Jess Rotter started her company Rotter and Friends in 2007 and has been making the coolest musician tee shirts ever since. Natalie Portman fans may know Rotter and Friends from the Captain Beefheart tee she's confessed to loving. And it's just as likely that Woodstock attendees (we're talking the original Woodstock) know the brand from the kinds of musicians she draws on her tees, like Neil Young or Stevie Nicks.
I met up with the truly inspiring illustrator on a sunny morning in Brooklyn to find out how she "makes it" in fashion and to try to get some musical advice to impress my friends. Needless to say, I got both.
Fashionista: What made you want to start your own business making music tees? Jess Rotter: I started Rotter and Friends in 2007. I used to do art for a British clothing line back in the early 2000s and I was doing illustrations for brands, so it was just fitting. I was working in the music industry, so I kind of tied both music and fashion and decided to start Rotter and Friends.
What kind of background do you have in either art or fashion? I went to college for painting, and I always had my hands in jars of music, fashion, and art, so I never put myself in one category. While I was studying painting I would intern at record labels, so I was always interested in bridging those together.
Were you ever apprehensive about starting and owning your own business? I always considered it to be such a personal labor of love project. It made me nervous to deal with "money stuff"--I hate that part--but the craziest part to me is that the tee shirts are more successful now than they were when I started, so it feels like all my nerves are gone. We’ve been doing this for like 11, or 12 collections and it’s still selling out and it’s not mass marketed--which is most important to me. It’s lasting and I think that that’s what's exciting about. Honestly, I feel like we’re more of a clubhouse than a company because it’s really a forum for rare music. My market is like men in their 60s talking to me about the concerts they saw and then young women who see Natalie Portman wearing our Link Ray shirt and they want to be like her. It’s a really nice extreme.
Who are your favorite musicians to listen to? Hardest question ever! You can’t go wrong with Neil Young... It’s really hard for me to pick one. I would say right now I’m in a super-big Tim Buckley phase, too.
Who is you favorite musician to draw? I think I’ve drawn every member of Fleetwood Mac except Mick Fleetwood--they're great. I’m illustrating this country funk project coming out this summer--it’s a compilation of country boot-cut jams of the '70s, like Jim Ford, Bobby Gentry, and Tony Joe White. I illustrated a 20-page book for them and it’s the most hair I’ve ever drawn in my life. It’s like 20 pages of hair. That was a lot of fun.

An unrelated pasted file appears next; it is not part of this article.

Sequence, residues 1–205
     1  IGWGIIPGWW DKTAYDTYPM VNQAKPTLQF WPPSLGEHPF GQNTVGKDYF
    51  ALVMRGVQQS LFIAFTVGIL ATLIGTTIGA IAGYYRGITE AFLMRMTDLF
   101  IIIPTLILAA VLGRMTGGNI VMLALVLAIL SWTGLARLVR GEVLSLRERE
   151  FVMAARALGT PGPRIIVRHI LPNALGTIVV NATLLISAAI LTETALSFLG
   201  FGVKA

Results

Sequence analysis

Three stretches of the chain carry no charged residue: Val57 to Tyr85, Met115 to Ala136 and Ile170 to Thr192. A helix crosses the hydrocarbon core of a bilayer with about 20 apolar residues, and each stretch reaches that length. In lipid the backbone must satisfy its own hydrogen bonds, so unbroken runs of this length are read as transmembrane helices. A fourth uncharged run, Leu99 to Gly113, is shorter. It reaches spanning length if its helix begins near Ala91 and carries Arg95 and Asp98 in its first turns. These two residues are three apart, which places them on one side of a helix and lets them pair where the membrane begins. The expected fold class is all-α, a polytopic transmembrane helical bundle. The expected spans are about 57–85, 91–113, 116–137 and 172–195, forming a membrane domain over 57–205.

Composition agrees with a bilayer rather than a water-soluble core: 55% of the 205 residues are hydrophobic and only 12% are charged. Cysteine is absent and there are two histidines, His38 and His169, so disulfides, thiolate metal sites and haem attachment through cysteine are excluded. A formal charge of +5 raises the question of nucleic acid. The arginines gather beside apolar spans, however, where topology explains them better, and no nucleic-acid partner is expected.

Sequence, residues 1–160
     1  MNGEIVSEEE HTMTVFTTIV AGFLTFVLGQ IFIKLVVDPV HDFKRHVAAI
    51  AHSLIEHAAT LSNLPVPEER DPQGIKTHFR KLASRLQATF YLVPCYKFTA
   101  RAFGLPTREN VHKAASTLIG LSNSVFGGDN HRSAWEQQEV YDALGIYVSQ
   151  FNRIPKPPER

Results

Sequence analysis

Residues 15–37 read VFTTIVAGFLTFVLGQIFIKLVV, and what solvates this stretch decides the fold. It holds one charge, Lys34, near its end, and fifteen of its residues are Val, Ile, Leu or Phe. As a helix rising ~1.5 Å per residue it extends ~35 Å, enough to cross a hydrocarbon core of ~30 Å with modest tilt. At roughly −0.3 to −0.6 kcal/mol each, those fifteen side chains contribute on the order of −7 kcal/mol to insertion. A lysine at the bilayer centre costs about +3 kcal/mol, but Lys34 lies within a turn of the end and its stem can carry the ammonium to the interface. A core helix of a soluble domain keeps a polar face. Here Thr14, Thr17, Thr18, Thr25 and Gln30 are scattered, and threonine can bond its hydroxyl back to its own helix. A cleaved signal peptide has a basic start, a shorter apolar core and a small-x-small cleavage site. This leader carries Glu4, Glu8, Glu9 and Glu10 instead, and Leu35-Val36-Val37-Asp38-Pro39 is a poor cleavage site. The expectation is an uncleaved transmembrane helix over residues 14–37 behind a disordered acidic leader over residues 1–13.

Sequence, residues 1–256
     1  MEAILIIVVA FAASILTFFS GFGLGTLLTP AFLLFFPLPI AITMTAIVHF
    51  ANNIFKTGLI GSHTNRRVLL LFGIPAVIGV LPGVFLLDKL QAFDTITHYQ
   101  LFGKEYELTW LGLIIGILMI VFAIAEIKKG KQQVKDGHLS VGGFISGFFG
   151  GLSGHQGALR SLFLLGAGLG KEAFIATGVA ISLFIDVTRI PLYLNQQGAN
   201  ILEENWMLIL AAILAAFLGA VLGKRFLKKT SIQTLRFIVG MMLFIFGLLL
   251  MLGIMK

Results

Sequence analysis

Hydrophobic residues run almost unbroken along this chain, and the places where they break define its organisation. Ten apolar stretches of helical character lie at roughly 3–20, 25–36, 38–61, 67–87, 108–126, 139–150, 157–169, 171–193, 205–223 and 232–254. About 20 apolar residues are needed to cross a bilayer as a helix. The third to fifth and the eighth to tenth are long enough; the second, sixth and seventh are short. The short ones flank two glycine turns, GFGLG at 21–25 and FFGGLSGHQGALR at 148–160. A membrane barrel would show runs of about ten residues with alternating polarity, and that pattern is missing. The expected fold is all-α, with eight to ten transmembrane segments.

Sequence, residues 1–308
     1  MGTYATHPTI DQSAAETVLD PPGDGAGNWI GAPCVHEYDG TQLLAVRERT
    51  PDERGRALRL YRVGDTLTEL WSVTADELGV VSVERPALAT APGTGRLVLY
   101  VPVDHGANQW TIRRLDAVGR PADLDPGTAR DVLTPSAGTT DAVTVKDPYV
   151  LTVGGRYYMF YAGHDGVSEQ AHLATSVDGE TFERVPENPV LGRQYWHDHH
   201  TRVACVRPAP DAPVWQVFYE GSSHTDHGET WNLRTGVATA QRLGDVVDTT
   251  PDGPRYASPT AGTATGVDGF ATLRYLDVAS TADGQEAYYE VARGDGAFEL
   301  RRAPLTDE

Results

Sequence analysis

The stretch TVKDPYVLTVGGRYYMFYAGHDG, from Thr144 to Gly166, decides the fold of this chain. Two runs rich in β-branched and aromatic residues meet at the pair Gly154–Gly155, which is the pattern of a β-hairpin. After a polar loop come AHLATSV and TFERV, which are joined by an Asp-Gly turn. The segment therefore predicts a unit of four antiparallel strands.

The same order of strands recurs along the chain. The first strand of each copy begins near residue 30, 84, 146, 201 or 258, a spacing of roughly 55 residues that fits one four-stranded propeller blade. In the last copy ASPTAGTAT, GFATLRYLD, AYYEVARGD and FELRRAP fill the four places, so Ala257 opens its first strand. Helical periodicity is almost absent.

You've done some amazing collaborations -- What has been one of your favorites? I think the one I did with Dossier; we did a Stevie Nicks shirt. I did an illustration of Stevie Nicks for Dossier's last issue, and we had so much fun doing it that we decided to just make t-shirts of it. The tees sold out in a week! The press on it was amazing, and even Stevie Nicks’ publicist gave us the thumbs up, so it was really cool!
What is a typical workday like for you? A lot of coffee! I also work at a record label, Mexican Summer, so I talk about records all day. Then I come home, change the coffee to wine, and draw until like three in the morning. [laughs] Yeah, it’s pretty intense.
What's the biggest challenge that you face in owning your own t-shirt company? I think it's challenging being your own publicist. You need to put yourself out there all the time--that’s a really important thing when you have a business. You need people to know about it. I was reluctant to join Twitter for years but I see what a difference it makes and all of that.
What’s the most fulfilling part of your work? When people buy the shirt and don’t know the record and discover the record and are like "Whoa!" That happens a lot, and it's awesome!
What's the biggest risk you've taken with Rotter and Friends? You really risk your reputation by going to a mass retailer, which is something we chose not to do...I think we avoided risks because we kept it so small.
What inspires you outside of music--Have you ever thought about doing a t-shirt line of non musicians ? Yeah, I do a lot of other artistic work. I have art shows, I do wood burns, I’m working on a comic book now which is like I took my heart out of my body and started drawing with it. Doing a comic book has been my dream and my goal. It’s called Paradise and it's going to come out in the fall.
How do you hope to grow Rotter and Friends in the future? I really find collaborations and projects to be the most fun. We did a show in Los Angeles of all of my illustrations rendered in watercolor. I’d love to do more stuff like that. One-off projects are really appealing to me cause there’s less pressure and you can put all of your energy into something wholeheartedly.
Visit Rotter and Friends online at www.rotterandfriends.com.